Tales from Wasilla: The M/V Susitna

M/V Susitna on alleged sea trials, photo via WikiMedia

M/V Susitna on alleged sea trials, photo via WikiMedia

Alaska has a long history of political boondoggles. The list is nearly endless. But few boondoggles carry more object lessons than the Mat Su Borough’s adventures with the M/V Susitna. It has lessons for everyone: “free” gifts from the federal government, federal grants with fine print, local governments venturing where they shouldn’t, poor project planning by local governments, wretched cost efficiency decisions and stellar examples of the Sunk Cost Fallacy.

Most of Matanuska-Susitna Borough is located on the north side of Knik Arm; most of the Municipality of Anchorage lies on the south side. There are folks who think that’s a Good Thing, but there are more who think it should be easier to get from the Valley to Los Anchorage. The two mile stretch of very muddy water and very high tides between Point McKenzie and Government Hill seems to be a magnet for expensive Big Ideas, would-be alternatives to the 30 mile drive around Knik Arm to the Matanuska and Knik River bridges.

One of those Big Ideas was a high speed ferry across Knik Arm. And the M/V Susitna was available for free. Here’s the short, simplified version of the saga.

The existence  M/V Susitna is a story all by itself. A half-sized one-off of an experimental dual purpose military ship, it exists because the late Uncle Ted wanted to create work for the Alaska Ship and Drydock, Inc., in Ketchikan, and put an earmark in the Department of Defense appropriation for construction of the ship, under the unenthusiastic auspices of the Office of Naval Research. ONR has seemingly expunged all references to the M/V Susitna from its website. A search reveals a single, broken (and doubtlessly overlooked) link. WC’s FOIA requests have been ignored. It’s not clear that ONR ever ran sea trials of its very expensive prototype. Apparently, you can only kiss a pig so many times.

Most prototypes are sent to the scrap yard because they are you know,  prototypes. But the Navy instead offered to give away the M/V Susitna. And the Mat Su Borough was unable to resist. Sweetened with a $21 million grant from the Federal Transit Administration, Mat Su Borough spent about $6 million refurbishing the ship for passenger service, another $3.6 million on a passenger terminal at the Borough’s Port MacKenzie and $2 million to design landings at Anchorage and the Mat-Su port. The Borough didn’t read the fine print on the grant.

In the meantime, funding and political support for an Anchorage landing dried up (or may never have existed; it depends who you listen to). Or it may be that someone in the Finance Department did the math and concluded that the cost of operating a ferry that would only carry 20 vehicles and 129 passengers couldn’t be cost-effective at a fare anyone would pay. Either way, ferry service across Knik Arm never happened. The M/V Susitna has remained in Ketchikan and has never been in Cook Inlet waters.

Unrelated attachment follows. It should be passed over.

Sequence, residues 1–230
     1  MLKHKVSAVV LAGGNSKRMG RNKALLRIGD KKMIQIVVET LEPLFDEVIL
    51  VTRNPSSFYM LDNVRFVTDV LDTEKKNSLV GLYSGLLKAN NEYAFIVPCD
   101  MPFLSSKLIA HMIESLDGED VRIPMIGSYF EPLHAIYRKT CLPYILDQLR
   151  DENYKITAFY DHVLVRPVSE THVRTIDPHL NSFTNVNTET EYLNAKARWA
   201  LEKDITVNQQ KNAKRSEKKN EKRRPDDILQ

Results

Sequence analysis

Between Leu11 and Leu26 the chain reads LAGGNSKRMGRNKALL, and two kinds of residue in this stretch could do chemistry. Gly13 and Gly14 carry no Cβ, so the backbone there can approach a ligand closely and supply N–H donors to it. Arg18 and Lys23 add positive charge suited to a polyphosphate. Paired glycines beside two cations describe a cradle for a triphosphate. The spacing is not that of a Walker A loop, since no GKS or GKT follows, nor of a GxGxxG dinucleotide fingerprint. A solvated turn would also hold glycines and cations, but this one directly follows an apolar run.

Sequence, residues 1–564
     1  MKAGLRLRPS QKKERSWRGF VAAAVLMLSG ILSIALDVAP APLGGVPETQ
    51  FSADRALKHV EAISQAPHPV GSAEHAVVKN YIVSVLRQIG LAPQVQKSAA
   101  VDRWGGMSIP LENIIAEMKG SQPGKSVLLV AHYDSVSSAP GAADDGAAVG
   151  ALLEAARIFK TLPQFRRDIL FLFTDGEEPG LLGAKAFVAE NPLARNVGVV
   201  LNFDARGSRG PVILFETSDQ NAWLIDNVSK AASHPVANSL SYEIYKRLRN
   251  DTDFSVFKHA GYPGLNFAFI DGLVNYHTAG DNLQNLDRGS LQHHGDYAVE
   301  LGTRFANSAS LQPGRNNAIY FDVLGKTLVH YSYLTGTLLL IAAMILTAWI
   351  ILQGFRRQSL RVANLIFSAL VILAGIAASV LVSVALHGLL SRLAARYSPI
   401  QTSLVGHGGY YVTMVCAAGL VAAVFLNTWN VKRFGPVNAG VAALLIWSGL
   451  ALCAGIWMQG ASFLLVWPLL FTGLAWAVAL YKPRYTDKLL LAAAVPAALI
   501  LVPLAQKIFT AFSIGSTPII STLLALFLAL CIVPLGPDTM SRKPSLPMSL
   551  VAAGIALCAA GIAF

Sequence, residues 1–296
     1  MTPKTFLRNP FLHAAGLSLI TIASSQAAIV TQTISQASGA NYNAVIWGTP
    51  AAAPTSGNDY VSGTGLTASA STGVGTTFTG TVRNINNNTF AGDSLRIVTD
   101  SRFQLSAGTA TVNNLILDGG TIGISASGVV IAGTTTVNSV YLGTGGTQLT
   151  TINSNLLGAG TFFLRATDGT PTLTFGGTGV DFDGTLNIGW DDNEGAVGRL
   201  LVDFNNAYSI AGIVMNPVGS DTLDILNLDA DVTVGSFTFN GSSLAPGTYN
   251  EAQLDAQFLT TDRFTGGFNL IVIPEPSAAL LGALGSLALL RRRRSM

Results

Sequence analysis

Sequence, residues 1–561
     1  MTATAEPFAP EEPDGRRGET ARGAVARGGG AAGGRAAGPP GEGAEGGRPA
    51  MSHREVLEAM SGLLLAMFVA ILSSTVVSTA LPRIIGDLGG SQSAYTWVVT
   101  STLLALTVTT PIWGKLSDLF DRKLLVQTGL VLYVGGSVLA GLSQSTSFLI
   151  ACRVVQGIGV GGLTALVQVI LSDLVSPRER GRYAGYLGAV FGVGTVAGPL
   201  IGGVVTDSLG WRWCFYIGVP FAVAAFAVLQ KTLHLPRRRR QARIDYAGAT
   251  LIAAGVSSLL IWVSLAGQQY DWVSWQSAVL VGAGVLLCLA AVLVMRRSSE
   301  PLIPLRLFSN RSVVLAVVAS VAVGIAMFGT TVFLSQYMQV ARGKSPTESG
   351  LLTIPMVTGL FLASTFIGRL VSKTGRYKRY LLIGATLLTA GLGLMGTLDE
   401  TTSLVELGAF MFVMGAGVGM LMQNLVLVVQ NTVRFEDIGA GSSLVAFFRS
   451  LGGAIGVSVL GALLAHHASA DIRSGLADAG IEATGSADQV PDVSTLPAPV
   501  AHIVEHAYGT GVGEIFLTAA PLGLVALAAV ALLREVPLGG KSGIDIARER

Of course, storing a 195-foot long ship doesn’t come free. In fact, it costs millions of dollars. The federal grant is for providing ferry service, not failing to provide ferry service. So the storage costs have come out of the Mat Su Borough budget. That rankled the Borough Assembly, who sharply reduced the scope of storage and maintenance. So that when rainstorms – rainstorms in Ketchikan, who would have thought? – the water got into the ship’s engines and trashed them. Now there’s a $900,000 repair bill to get the M/V Susitna in shape that it can be sold. Well, sold again. There is insurance, but the insurer, understandably, is wary about dealing with the Mat Su Borough Assembly, and is requiring the Borough to front the repair costs.

And the Federal Transit Administration wants its $21 million back.

What lessons might our friends in the Mat Su Borough draw from this little adventure into salty waters?

  • There ain’t no such thing as a free lunch. TANSTAFL. Or, stated more specifically, when the government tells you something is yours for free, it’s not.
  • Always read the fine print. Especially when accepting grants.
  • “Prototype” means “protoype,” as in experimental, unproven and expensive.
  • When venturing into an area outside of your expertise, always have an exit strategy.
  • Don’t be penny wise and pound foolish. If you are going to curtail preventative maintenance on a valuable asset, store that asset properly. Waterproof exhaust stack covers cost a lot less than $900,000.
  • It’s not enough to launch a ship; you have to be able to land it, too.

WC wishes the Mat Su Borough well. And predicts someday this whole sad affair will be in political science textbooks as an object lesson.